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HG Insurance and Risk Alert: Recent Court of Appeal decision serves as a warning sign for public authorities - 6 March 2014

The placement and content of warning signs has undergone extensive judicial scrutiny in recent times, particularly in relation to signs erected by public authorities. In State of Queensland v Evan Kelly the Court of Appeal again considered the meaning of ‘obvious risk’ in s13 of the Civil Liability Act 2003 (CLA) and the adequacy of warning signs erected by the State of Queensland.

In this Alert, Senior Associate Anna Hendry and Associate Claire Bruggemann discuss the background of the case, and explain why the Court of Appeal ultimately upheld the original decision of the trial judge.

Key Take Away Points

  • Warning signs must specifically address the relevant risk.
  • Warning signs should be placed in close proximity to the risk.
  • If possible and applicable, warning signs should include a reference to the number or severity of injuries caused by the particular risk, or both.

Background

The State of Queensland requires commercial tour operators to show a video to visitors to Fraser Island which include warnings about the danger of diving into swimming places. Signs on Fraser Island warn visitors of the risk of diving into Lake Wabby and other popular swimming places.

In light of those warnings, many visitors to Lake Wabby enjoy running down the sand dune and jumping, feet first, into the lake. However, this activity also poses risks, including the risk of tripping or slipping on the sand in such a way that the intended feet first jump turns into an unexpected, awkward and dangerous dive into the water. Is that risk ‘obvious’ or should the State of Queensland warn visitors of the risk, just as it warns visitors of the risk of diving?

State of Queensland v Evan Kelly required a consideration of that very scenario. At first instance, McMeekin J concluded that the State of Queensland had breached its duty of care to Kelly, a visitor to the island, by failing to warn him of that specific risk. In particular, he found that:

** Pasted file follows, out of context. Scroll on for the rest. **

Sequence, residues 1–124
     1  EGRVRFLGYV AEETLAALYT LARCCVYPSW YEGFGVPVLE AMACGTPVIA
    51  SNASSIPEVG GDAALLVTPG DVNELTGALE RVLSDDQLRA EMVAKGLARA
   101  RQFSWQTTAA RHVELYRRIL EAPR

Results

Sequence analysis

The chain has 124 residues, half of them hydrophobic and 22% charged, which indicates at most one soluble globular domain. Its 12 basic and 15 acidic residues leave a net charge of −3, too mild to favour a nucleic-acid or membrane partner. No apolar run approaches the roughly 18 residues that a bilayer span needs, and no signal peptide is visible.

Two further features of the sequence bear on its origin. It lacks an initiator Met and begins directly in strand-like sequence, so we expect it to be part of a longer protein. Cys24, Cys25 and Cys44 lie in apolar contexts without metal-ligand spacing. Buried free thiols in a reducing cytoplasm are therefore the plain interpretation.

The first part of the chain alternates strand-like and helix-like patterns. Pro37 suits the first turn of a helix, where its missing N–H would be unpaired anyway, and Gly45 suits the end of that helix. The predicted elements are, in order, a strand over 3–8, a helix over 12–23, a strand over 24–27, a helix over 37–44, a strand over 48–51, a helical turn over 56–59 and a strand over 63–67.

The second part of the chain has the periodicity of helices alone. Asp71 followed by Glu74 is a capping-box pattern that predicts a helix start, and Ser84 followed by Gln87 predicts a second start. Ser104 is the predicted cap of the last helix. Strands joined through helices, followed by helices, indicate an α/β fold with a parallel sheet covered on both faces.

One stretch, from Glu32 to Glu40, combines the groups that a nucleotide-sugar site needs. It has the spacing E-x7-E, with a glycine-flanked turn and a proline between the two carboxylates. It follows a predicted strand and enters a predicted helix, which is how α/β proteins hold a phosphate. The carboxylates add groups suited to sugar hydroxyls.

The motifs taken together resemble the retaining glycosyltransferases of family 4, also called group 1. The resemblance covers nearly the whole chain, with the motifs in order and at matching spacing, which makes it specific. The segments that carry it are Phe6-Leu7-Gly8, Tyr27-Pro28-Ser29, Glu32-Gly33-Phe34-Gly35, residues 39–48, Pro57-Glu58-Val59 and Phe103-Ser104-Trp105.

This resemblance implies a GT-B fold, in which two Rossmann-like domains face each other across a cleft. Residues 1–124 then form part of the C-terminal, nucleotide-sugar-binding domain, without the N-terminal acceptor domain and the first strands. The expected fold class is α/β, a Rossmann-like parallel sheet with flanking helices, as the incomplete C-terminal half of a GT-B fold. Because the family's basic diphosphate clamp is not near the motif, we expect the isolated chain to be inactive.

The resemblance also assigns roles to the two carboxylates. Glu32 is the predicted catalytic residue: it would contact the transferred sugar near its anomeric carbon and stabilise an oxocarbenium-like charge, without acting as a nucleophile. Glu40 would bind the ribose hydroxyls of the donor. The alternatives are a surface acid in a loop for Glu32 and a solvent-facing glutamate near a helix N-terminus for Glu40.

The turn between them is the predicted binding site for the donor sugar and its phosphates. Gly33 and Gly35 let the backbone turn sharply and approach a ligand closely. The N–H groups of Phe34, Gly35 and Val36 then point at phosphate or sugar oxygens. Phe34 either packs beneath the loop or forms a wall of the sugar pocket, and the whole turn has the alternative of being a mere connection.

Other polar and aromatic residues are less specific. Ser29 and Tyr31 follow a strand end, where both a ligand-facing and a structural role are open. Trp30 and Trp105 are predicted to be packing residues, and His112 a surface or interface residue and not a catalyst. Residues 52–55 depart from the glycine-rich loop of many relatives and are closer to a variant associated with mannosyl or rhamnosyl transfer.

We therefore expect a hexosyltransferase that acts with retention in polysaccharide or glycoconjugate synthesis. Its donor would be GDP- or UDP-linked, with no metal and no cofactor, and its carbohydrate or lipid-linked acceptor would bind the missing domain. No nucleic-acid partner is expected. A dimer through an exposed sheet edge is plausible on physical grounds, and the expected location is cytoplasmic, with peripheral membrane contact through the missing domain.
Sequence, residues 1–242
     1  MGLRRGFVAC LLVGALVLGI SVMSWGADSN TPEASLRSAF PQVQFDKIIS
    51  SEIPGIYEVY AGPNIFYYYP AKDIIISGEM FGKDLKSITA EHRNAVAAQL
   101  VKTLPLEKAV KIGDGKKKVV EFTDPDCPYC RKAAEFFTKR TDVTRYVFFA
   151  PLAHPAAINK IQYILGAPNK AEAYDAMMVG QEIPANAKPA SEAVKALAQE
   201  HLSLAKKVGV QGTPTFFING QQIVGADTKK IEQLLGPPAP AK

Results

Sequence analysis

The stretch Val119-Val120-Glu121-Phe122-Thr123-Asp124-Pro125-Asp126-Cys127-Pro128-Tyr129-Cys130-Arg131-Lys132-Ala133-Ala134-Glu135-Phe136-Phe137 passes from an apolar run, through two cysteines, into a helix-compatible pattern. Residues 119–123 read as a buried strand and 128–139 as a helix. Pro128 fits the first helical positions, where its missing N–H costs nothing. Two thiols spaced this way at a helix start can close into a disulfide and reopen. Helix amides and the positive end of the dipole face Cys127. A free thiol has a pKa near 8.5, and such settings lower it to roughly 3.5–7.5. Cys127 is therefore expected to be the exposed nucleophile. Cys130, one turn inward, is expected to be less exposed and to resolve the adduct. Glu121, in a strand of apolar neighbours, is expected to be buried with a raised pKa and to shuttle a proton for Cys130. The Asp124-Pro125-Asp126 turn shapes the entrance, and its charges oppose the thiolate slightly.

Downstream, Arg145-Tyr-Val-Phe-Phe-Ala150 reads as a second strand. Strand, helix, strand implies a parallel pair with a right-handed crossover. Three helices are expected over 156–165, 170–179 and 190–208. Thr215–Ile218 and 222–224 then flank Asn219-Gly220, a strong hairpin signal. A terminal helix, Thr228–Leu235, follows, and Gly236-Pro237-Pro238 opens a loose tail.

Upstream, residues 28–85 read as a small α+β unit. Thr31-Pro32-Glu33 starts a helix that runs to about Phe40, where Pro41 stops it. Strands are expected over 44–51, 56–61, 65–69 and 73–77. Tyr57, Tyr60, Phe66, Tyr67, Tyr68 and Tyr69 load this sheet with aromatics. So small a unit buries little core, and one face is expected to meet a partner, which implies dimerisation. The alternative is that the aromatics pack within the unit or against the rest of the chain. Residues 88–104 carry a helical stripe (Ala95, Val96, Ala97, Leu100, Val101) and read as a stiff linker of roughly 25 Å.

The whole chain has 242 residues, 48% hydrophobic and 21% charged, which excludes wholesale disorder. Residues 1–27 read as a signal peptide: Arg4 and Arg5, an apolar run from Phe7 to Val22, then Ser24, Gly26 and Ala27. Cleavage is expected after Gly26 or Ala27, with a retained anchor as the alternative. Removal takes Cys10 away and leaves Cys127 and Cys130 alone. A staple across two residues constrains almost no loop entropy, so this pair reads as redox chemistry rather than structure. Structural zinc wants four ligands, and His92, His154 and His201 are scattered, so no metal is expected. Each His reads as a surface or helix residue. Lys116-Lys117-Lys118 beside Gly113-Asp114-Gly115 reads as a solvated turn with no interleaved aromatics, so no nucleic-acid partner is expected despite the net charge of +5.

• the risk of injury was not an ‘obvious risk’ as defined by s13 of the CLA;
  • the State of Queensland had breached its duty of care by failing to provide adequate and specific warnings about the danger of running down the dunes by way of the safety video and signs; and
  • the plaintiff’s loss and damage ought to be reduced by 15 percent to account for his contributory negligence.

Court of Appeal

The State of Queensland appealed the decision on the basis that the trial judge:

  • erred in finding that the risk of injury was not an ‘obvious risk’; and
  • made an insufficient reduction of damages for contributory negligence.

The Court of Appeal unanimously held that the trial judge was correct in concluding that the risk of injury that materialised was not an ‘obvious risk’. 

In deciding whether the risk was ‘obvious’ and whether there was a breach of duty, the Court of Appeal considered the following:

  • Whether the warning signs erected by the State of Queensland were relevant in assessing what a reasonable person would do in the circumstances;
  • Whether there ought to have been more warning signs and the content of the warning signs and video were inadequate because:
    • they warned of a risk of injury from ‘running and diving’ but failed to warn of the risk of simply running down the sand dune;
    • they did not effectively communicate the risk of serious injury that materialised; and
    • they did not communicate the magnitude of the risk, which was unusually high considering  the number of previous serious injuries sustained in that way at Lake Wabby.
  • Whether the risk was ‘obvious’ might be influenced by factors including:
    • the person’s own experience in relation to the activity; in this case, Kelly had run down the sand dune on nine or ten prior occasions without mishap.
    • The above circumstances justified the trial judge’s finding that the risk of injury was not an ‘obvious risk’ and that the State of Queensland had breached its duty of care.

In relation to contributory negligence, the Court of Appeal concluded that it was open to the trial judge to make a finding on apportionment and a finding of 15 percent was not so unreasonable or unjust as to justify the Court of Appeal substituting a different decision.

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